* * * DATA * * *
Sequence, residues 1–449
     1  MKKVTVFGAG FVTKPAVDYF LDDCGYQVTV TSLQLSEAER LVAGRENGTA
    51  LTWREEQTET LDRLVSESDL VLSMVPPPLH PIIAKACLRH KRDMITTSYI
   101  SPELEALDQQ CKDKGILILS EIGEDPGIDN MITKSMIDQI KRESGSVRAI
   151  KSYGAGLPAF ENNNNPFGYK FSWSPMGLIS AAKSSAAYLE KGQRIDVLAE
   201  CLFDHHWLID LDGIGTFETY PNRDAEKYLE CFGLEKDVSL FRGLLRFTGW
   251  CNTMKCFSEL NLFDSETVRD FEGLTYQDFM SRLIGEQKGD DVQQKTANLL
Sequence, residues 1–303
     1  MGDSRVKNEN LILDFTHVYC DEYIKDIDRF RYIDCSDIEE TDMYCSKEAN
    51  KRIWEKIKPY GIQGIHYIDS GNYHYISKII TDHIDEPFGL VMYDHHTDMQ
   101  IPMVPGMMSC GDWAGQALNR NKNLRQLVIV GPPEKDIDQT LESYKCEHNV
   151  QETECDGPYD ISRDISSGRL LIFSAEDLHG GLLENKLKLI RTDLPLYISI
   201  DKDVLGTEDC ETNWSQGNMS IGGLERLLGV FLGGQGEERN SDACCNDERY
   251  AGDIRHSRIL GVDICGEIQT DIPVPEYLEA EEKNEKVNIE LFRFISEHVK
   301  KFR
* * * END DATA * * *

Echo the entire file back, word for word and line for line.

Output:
Sequence, residues 1–449
     1  MKKVTVFGAG FVTKPAVDYF LDDCGYQVTV TSLQLSEAER LVAGRENGTA
    51  LTWREEQTET LDRLVSESDL VLSMVPPPLH PIIAKACLRH KRDMITTSYI
   101  SPELEALDQQ CKDKGILILS EIGEDPGIDN MITKSMIDQI KRESGSVRAI
   151  KSYGAGLPAF ENNNNPFGYK FSWSPMGLIS AAKSSAAYLE KGQRIDVLAE
   201  CLFDHHWLID LDGIGTFETY PNRDAEKYLE CFGLEKDVSL FRGLLRFTGW
   251  CNTMKCFSEL NLFDSETVRD FEGLTYQDFM SRLIGEQKGD DVQQKTANLL
Sequence, residues 1–303
     1  MGDSRVKNEN LILDFTHVYC DEYIKDIDRF RYIDCSDIEE TDMYCSKEAN
    51  KRIWEKIKPY GIQGIHYIDS GNYHYISKII TDHIDEPFGL VMYDHHTDMQ
   101  IPMVPGMMSC GDWAGQALNR NKNLRQLVIV GPPEKDIDQT LESYKCEHNV
   151  QETECDGPYD ISRDISSGRL LIFSAEDLHG GLLENKLKLI RTDLPLYISI
   201  DKDVLGTEDC ETNWSQGNMS IGGLERLLGV FLGGQGEERN SDACCNDERY
   251  AGDIRHSRIL GVDICGEIQT DIPVPEYLEA EEKNEKVNIE LFRFISEHVK
   301  KFR